Authorities warn damage caused by drug-driving is likely to be worse than official figures suggest

Tayside Police Constables Stewart Coupland and Gordon Britton demonstrate the kind of impairment test they may carry out on motorists they suspect of driving under the influence of drugs.
Tayside Police Constables Stewart Coupland and Gordon Britton demonstrate the kind of impairment test they may carry out on motorists they suspect of driving under the influence of drugs.

Over 300 people in Tayside and Fife have been caught driving under the influence of drugs over the last five years.

Figures released to The Courier under freedom of information legislation revealed that 172 people in Fife have been charged for driving while unfit through drugs or drink since 2006.

In Tayside, 238 people were charged for the same offence which is not the same as being unfit to drive because of excess alcohol while a further 24 people were charged with being in charge of a vehicle while unfit over the same five-year period.

People who are suspected of driving while drunk but who do not provide a blood sample can also be charged with the offence.

Motorists who are suspected of driving under the influence of drugs are subjected to a series of roadside tests to evaluate their coordination. If the driver is believed to be guilty they are then asked to report to a police station for a medical examination and may be required to give a blood sample.

However, the law does not just apply to illegal substances such as cannabis or ecstasy. Many prescription drugs can impair reactions and anyone caught driving under their influence will face the same penalties as those who have been using recreational substances.

Kevin Clinton, head of road safety with the Royal Society for the Prevention of Accidents, said drug-driving was judged responsible for the deaths of 42 people on Britain’s roads last year but actual figures could be much higher.

He said: ”In 2010, provisional figures show that 250 people were killed as a result of a drink-driving crash. ‘Impairment through illicit or medicinal drugs’ was listed as a contributory factor in 42 fatalities and 208 serious injuries in 2010.

”However, this is likely to be an underestimate as it is still very difficult to test for drugs at the time of the accident.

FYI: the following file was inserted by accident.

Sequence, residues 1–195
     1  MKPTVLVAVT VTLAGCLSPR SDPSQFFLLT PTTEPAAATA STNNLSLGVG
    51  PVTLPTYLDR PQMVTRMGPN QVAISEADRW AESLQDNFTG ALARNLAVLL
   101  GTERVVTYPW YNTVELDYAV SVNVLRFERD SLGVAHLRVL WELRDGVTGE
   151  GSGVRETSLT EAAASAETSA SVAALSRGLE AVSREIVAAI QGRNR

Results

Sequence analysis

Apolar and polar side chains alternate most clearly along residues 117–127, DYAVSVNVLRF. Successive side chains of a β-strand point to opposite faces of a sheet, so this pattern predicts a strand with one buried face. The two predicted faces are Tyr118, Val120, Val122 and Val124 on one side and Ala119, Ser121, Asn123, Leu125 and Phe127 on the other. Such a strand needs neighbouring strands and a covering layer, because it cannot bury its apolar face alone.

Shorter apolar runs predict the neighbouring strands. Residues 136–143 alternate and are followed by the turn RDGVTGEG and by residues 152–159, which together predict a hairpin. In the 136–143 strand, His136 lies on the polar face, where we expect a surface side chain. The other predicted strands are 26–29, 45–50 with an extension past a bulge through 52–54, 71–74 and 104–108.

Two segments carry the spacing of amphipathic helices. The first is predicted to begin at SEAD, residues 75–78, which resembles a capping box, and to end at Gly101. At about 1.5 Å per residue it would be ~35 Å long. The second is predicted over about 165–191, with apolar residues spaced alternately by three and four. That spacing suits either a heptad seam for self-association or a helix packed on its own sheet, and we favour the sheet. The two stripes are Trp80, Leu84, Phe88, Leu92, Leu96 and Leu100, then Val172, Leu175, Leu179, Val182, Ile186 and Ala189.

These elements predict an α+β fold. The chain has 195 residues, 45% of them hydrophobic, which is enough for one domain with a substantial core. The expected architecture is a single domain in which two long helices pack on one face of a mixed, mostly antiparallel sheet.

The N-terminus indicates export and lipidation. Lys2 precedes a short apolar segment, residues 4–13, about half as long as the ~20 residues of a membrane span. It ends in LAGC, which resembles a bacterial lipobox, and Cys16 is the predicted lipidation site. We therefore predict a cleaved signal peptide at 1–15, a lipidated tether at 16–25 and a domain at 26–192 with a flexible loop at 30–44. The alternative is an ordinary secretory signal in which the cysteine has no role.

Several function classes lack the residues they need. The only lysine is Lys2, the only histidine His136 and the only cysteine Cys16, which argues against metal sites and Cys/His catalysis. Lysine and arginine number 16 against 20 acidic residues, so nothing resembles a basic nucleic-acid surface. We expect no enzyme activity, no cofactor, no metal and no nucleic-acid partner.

”RoSPA has long called for the drink-drive limit to be lowered and for it to be easier for the police to catch those driving above the legal alcohol limit or under the influence of drugs, and we hope that new testing equipment and improved procedures will go a long way towards this.

”The vast majority of people now see drink-driving as the anti-social and dangerous practice that it is and we need to keep reinforcing this message. However, we must raise awareness of the dangers of drug-driving too, including prescription drugs.

”It should be emphasised that legitimate medicines can impair judgment in much the same way as alcohol or illegal drugs, and people should always check the information that comes with medication or ask their GP.”

Earlier this year the Department of Transport published a report that said more must be done to raise awareness of the dangers of drug-driving.

It found that many users of illegal drugs deny their driving is impaired and discount the changes of getting caught. It also found that drug-driving is ”commonplace” among some groups.

The penalties for driving under the influence of drugs are the same as for drink-driving.

Offenders face a minimum 12-month driving ban, a criminal record and can be fined up to £5,000. There will be a specific record on the driving licence for 11 years that details a conviction for drug-driving.

If the driver is convicted of causing death by dangerous driving, they will receive a prison sentence of up to 14 years.

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